Unity Grill has reached more than half of its fundraising target
A NEW ‘social restaurant’ is set to launch in Ayr with the aim of breaking down barriers created by poverty and isolation.
Volunteers behind the Unity Grill have raised over half of the £5000 in initial funds needed to launch the restaurant, which will see 100 per cent of its profits re-invested into tackling food poverty.
The restaurant, which is currently negotiating premises in the town of Ayr, is being designed as a welcoming environment where people can have a free meal from the profits raised by customers. However, organisers stress the project will be about community and mutual assistance rather than charity, and anyone in receipt of a free meal will be able to contribute to the project in non-financial ways if they choose.
Speaking to CommonSpace, one of the project founders Angela McNay said: “As food poverty and hunger rise across the country, breaking down the stigma attached to that has never been more important. Food poverty creates social isolation and loneliness. Unity Grill is an opportunity to start breaking down those barriers.
“Everyone will be welcome at our table regardless of their ability to pay.”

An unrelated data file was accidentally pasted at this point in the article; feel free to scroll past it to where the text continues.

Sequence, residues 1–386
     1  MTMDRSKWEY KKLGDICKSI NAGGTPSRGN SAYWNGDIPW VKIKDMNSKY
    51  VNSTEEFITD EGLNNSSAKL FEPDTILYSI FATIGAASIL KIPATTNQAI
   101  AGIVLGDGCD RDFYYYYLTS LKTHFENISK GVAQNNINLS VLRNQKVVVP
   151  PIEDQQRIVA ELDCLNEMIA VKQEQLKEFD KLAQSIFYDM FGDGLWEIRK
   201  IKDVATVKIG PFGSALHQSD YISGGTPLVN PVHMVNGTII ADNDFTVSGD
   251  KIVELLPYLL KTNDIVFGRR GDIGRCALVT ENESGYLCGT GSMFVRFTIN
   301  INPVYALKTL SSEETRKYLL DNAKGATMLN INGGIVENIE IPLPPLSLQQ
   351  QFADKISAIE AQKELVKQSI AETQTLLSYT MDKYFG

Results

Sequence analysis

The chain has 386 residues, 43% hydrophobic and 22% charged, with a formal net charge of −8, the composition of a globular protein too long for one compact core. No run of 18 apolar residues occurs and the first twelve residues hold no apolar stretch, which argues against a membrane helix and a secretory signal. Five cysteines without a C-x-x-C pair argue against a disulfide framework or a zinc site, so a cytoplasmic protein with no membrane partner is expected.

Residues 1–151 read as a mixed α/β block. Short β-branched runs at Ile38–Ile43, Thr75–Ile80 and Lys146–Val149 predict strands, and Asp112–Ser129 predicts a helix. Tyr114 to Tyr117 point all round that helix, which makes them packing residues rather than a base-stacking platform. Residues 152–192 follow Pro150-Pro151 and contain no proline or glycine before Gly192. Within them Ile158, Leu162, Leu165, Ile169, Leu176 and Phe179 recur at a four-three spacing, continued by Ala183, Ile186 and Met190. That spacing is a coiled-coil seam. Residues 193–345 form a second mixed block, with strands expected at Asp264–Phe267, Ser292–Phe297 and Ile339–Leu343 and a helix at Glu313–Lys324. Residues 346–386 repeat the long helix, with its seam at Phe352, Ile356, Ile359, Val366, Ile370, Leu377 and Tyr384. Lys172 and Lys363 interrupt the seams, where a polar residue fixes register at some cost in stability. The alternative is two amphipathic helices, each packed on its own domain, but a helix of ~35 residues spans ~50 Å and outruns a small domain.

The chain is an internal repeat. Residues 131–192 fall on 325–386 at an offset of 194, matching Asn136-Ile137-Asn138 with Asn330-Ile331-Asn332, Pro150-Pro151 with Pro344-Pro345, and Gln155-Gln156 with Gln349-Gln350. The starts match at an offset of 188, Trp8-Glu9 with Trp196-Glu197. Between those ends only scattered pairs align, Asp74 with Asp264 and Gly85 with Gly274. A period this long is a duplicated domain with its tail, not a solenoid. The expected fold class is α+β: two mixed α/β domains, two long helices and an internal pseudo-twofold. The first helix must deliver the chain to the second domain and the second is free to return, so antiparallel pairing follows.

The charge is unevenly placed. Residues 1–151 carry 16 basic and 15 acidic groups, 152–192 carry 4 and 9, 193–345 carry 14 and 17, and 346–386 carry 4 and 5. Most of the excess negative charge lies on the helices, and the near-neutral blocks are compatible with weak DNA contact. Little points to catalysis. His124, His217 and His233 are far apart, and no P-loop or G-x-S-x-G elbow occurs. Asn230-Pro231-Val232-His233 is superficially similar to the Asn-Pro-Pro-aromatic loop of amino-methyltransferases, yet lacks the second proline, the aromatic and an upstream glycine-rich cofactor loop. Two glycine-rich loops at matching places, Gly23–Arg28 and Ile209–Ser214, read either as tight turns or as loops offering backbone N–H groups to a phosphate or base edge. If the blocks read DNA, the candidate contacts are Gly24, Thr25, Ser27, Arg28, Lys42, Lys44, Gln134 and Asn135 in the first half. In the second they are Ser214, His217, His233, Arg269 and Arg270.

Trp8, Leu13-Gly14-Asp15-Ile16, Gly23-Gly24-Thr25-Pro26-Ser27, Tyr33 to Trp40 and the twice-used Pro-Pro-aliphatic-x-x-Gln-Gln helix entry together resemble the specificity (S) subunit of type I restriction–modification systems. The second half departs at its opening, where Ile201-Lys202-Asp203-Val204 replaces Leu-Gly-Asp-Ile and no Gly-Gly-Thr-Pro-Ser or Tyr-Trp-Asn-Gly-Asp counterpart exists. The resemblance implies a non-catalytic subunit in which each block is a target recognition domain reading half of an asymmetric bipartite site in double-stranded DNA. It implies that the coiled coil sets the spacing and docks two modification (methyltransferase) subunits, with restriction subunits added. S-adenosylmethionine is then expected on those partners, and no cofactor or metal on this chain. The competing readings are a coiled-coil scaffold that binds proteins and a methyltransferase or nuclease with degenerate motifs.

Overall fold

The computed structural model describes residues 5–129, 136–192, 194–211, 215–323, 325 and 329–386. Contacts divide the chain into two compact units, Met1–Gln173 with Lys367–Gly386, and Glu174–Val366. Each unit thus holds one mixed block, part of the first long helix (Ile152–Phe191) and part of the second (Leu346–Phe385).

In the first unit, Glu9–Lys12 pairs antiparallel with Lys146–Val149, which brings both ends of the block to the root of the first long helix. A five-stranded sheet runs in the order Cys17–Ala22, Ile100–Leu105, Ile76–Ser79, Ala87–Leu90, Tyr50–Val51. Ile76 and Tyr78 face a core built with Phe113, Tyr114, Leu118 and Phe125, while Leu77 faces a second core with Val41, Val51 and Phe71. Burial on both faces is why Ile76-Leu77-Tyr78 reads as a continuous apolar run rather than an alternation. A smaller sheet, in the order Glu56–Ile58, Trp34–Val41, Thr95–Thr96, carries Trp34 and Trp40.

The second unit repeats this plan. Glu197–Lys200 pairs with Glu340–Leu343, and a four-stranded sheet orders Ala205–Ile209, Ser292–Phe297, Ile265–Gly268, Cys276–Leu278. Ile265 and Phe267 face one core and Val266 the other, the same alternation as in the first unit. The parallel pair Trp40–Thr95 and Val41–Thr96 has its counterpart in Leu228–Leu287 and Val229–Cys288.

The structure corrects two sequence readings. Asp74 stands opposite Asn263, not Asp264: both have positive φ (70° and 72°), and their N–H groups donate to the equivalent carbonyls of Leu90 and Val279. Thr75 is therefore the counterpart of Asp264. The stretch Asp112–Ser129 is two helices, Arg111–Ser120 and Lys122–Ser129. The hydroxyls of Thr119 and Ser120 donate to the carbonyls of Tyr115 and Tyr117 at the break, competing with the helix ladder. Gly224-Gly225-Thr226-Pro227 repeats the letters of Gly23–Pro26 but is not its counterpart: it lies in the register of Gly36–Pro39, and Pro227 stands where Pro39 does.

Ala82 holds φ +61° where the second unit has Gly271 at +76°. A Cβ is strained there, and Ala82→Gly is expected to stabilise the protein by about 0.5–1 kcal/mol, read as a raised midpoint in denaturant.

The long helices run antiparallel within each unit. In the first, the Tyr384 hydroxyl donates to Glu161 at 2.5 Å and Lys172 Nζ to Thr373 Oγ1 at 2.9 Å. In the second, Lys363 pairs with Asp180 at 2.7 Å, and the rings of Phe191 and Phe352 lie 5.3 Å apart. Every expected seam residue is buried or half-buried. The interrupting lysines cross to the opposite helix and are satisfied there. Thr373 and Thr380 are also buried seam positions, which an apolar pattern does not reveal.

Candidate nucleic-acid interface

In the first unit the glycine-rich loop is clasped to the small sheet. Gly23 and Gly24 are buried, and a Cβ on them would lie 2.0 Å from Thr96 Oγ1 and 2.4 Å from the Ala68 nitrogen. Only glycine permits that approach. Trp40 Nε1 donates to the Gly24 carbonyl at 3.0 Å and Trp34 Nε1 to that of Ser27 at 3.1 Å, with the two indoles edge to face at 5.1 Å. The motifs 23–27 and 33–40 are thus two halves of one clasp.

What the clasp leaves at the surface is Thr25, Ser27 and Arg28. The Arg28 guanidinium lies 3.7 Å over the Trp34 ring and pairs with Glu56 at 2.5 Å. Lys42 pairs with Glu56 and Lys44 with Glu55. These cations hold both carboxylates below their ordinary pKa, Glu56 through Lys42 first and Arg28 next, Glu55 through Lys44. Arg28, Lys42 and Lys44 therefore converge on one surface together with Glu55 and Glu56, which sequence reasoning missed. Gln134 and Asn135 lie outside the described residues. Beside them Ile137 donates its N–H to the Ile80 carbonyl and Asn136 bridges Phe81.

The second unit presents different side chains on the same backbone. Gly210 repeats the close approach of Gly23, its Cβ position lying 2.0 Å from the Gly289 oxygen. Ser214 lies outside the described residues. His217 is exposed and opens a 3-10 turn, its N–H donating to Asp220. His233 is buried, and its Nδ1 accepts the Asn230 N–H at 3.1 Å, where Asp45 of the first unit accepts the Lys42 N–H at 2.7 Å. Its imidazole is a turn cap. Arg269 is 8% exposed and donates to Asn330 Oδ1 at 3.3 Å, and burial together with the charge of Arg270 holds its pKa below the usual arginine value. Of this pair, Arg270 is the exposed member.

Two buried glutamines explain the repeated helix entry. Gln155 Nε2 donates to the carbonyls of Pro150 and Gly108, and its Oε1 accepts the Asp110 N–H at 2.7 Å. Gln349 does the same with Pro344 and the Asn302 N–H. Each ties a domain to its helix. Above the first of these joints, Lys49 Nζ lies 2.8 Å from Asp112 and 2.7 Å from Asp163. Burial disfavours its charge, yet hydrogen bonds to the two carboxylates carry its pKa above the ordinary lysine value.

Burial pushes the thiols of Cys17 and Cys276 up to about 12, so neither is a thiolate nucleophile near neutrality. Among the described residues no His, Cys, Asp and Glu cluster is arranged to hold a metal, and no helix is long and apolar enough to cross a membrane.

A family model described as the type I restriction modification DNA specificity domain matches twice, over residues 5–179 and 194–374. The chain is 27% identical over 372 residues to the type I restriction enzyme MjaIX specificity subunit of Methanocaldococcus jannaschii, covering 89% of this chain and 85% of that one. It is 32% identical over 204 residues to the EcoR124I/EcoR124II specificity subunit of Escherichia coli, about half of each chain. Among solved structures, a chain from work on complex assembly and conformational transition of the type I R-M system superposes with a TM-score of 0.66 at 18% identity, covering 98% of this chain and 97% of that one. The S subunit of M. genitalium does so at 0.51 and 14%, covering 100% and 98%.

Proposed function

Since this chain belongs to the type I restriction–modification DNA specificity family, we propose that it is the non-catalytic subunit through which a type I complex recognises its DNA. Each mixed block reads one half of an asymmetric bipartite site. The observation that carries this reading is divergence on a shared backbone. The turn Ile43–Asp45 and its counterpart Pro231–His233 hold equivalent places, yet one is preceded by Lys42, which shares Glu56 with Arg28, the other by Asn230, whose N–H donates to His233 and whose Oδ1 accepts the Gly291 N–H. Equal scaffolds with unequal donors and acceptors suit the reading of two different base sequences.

At the time of publication, Unity Grill had raised £2,650, to go towards the initial costs of setting up the restaurant, which organisers say will source as much of its produce as possible from Ayrshire in order to boost the local economy.
Unity Grill is a similar project in some ways to other social restaurant and social café ventures such as Social Bite, which has several outlets in Scotland. But it will differ in that that it is being established by local members of the Ayrshire community with the expectation that it will continue to be run and organised by the community.
It marks a shift in recent months in Scotland from the provision of food and other essentials through charitable efforts like foodbanks, towards efforts of mutual aid between working class people in their own communities.
The project is one of many which has grown up in response to the growth in destitution since the onset of major austerity measures across the UK from 2010, which has seen an explosion in the use of foodbanks and fuel banks (supply electricity to homes) across Scotland and the UK.
Picture courtesy of Tony Webster
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